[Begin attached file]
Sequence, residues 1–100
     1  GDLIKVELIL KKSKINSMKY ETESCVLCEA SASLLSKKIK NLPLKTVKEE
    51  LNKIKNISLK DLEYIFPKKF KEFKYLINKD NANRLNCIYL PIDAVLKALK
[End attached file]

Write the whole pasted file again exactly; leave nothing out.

Sequence, residues 1–100
     1  GDLIKVELIL KKSKINSMKY ETESCVLCEA SASLLSKKIK NLPLKTVKEE
    51  LNKIKNISLK DLEYIFPKKF KEFKYLINKD NANRLNCIYL PIDAVLKALK